HIS Radeon HD 5850 1GB GDDR5 Graphics Card

Introduction

Introduction 

Like any year, the run up to Christmas is a rather long winded one with mass shopping commencing from as early as October end. From here on, regardless of whether or not we’re in any form of economic downturn it’s a matter of flocking to shopping centres nationwide for a session of credit card violation. Let’s not forget the time and effort involved in organizing Christmas dinner for your nearest and dearest. Inevitably that big day comes and within a blink of an eye it’s all over.

So how was Christmas day for you? I’m sure that many had a fantastic time with friends and family, making the most of their presence. Some might be particularly ecstatic over the gifts that they received…while some less so. Perhaps you were one of few that were painfully sniveling at the contents of your gift from Father Christmas. It must be said that it’s the thought that counts when it comes to any gift and that calling the North Pole for a RMA number is nothing short of ungrateful. But what if you paid for your own gift to find that it won’t be with you in time for Christmas? Does anyone see where I’m going with this? The Radeon HD 5800 series stock shortage strikes again…

Okay, I’ll gladly conceit that the stock shortage of Radeon HD 5850 and 5870 graphics cards has not been as bad as previously. Infact, for the last couple of weeks it has been quite possible to locate and purchase one of these high end wonders. That is, so long as you’re willing to pay the premium. A number of retailers (most recently Aria) had listed Christmas special offers, which resulted in select 5850 and 5870 graphics cards being sold at their September 09 Retail Prices of £200 and £304 respectively, but in very limited quantities. For most of the part however, the typical in stock prices are nearer £250 and £350 regardless of brand, however factory overclocked graphics cards have further price gouging applied.

There have been rumours that TSMC have greatly improved 40nm yields for Cypress cores and that we will soon see higher quantities of HD 5800 series graphics cards in circulation.

“In a world where people pay a high price to play with the best…Something had to change.”

Too right something has to change! One can only hope that this recently uploaded video on AMD’s official youtube channel is a sign of more stock and price drops.   I shall put an end to my rant by finally introducing the product on review for today. Today we’ll be reviewing the HIS Radeon HD 5850 1GB Graphics card. 

Name
HIS Radeon HD 5850
HIS Radeon HD 5870
Core Name Cypress Cypress
Core Frequency 725MHz 850MHz
Stream Processors
1440 1600
Memory Frequency 4000MHz (1000MHz x 4) 4800MHz (1200MHz x 4)
Memory Interface 256bit 256bit
ROP Count 32 32
TMU Count 72 80
Original Retail Price £199.99 £299.99


The Radeon HD 5850's technical specs alone suggest that it should be a very capable graphics card. Although rudely castrated by ATi from 1600 stream processors to 1440, it's Core and Memory frequencies are similar and should be a fairly simple overclock to and perhaps past 5870 frequencies. At it's original retail price, it touts better value for money than it's bigger brother.  

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Most Recent Comments

01-01-2010, 14:53:29

tinytomlogan
With many referance cards available Mul takes a look at the 5850 offering from HIS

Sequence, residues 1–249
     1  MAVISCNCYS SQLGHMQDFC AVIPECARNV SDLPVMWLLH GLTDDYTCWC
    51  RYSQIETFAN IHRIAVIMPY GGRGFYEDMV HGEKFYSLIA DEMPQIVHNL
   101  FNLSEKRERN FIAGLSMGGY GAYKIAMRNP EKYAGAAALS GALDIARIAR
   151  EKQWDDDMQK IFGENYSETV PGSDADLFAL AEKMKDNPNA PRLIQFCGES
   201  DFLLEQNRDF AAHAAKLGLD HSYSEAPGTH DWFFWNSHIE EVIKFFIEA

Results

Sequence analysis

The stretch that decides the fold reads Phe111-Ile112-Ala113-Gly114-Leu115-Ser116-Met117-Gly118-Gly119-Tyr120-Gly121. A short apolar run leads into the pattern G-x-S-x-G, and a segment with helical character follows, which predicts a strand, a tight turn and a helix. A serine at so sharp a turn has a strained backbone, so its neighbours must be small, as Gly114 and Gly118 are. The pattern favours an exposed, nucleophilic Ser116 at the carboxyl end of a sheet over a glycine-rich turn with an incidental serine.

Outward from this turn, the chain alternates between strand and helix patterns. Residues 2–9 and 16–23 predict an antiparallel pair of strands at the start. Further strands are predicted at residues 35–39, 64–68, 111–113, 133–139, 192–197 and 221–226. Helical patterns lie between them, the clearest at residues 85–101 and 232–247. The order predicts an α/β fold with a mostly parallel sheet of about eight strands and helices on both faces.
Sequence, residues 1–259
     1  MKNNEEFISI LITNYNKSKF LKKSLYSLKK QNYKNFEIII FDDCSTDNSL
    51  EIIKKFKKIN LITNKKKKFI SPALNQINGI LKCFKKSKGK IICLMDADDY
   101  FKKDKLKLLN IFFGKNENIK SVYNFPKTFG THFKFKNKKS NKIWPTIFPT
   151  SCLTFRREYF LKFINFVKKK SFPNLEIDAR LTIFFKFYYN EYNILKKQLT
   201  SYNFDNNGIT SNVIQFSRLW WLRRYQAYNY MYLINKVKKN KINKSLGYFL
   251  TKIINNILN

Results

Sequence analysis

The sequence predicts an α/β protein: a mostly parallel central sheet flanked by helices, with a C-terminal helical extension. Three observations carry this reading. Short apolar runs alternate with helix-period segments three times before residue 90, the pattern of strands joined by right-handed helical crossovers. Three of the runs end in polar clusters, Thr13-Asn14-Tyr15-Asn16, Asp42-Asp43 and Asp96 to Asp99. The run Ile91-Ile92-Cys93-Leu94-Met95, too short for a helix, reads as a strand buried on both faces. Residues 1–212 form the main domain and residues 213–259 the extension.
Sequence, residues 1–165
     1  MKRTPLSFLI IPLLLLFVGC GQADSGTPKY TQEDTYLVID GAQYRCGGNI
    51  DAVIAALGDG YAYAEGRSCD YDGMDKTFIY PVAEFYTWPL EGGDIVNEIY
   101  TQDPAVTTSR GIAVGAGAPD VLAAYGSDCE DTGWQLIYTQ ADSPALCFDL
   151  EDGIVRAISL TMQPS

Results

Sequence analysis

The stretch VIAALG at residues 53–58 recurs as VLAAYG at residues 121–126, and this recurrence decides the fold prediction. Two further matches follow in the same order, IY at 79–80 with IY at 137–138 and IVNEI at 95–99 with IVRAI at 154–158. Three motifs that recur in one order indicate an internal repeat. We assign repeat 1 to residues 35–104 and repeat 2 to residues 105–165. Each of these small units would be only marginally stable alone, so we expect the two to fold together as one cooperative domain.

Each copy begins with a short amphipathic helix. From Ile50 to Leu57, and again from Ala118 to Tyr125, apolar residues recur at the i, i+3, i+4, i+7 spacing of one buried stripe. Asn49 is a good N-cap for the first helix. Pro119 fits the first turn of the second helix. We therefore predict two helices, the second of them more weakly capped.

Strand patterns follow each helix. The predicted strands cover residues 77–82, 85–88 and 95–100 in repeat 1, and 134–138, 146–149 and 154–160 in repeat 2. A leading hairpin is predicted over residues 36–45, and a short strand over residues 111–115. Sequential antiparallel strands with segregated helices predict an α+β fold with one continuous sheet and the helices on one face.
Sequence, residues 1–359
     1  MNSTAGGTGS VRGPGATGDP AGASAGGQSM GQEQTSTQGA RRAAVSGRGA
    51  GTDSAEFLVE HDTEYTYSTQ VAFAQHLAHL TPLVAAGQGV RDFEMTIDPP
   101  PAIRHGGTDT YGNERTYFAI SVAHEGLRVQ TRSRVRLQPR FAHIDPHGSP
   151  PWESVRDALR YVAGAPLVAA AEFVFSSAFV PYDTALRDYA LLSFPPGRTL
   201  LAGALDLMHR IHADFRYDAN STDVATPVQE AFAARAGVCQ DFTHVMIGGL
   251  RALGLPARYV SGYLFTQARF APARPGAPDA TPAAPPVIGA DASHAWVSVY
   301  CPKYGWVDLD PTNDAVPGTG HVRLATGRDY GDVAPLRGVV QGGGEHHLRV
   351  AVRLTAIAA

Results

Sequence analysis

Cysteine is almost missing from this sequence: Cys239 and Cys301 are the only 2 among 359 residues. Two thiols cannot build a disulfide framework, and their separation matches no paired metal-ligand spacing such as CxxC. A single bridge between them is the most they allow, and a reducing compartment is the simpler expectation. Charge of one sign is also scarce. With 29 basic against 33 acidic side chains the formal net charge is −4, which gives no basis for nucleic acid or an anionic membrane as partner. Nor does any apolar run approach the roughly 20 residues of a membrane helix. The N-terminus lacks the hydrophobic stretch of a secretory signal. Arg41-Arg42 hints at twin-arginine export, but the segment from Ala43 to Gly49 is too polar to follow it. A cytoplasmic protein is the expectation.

Continue Reading

02-01-2010, 11:52:19

Rastalovich
* note to staff: if u reply inside the article at the foot, nothing gets posted. For want of typing out again:

Tis a great card. Not impressed with the artificial benchmarkers, especially when ur old rig either competes or beats them. Being what they are, u have to take the cpu differences into account. CCC drivers rely more on the cpu.

250 is a decent price for these cards. I'd expect further etailer shaving off of that too. Currently tho, this isn't the rrp, or even the 251 posted in the article header. At the more sensible pricing I could recommend this card, but presently would feel guilty about doing so.

Roll on feb/mar when the playing fields are nice'n'level and the cash grab being made, especially in the UK, is all but over. It'll be something to behold when the prices of these suddenly plummits - the cash ofc already being made. It's quite something to have the backup of another company having production problems to smooth that over, however unsubstantiated.

Worries me that HIS have chosen to block the rear intake/outtake holes with both pcie power connectors and a large old school capacitor. I'm sure that's not what the designers had in mind.

A little concerned also that a card receives a performance award with only an 8 score.

Look forward to the end of January when the news of price drops come out with great cheer, and all else previous is forgotten and forgiven.

02-01-2010, 13:09:39

Mul.
Hi Rasta,

To my knowledge, HIS has played no part in the PCB layout. Aside the badge on the top, it's physical attributes are no different to the Asus/Sapphire/XFX 5850's that we've handled.

06-01-2010, 02:57:23

pshnfry
Quote:
Originally Posted by name='Rastalovich'
* note to staff: if u reply inside the article at the foot, nothing gets posted. For want of typing out again:
Agreed - frustrating

Quote:
Originally Posted by name='Rastalovich'
Worries me that HIS have chosen to block the rear intake/outtake holes with both pcie power connectors and a large old school capacitor. I'm sure that's not what the designers had in mind.
Many reviews and comments refer to the two red trimmed ports at the power plug end as "intakes". All air is sucked in by the fan (at the fan hole) and pushed to both ends of the card. The two ports at the power end are exhaust ports.
Reply
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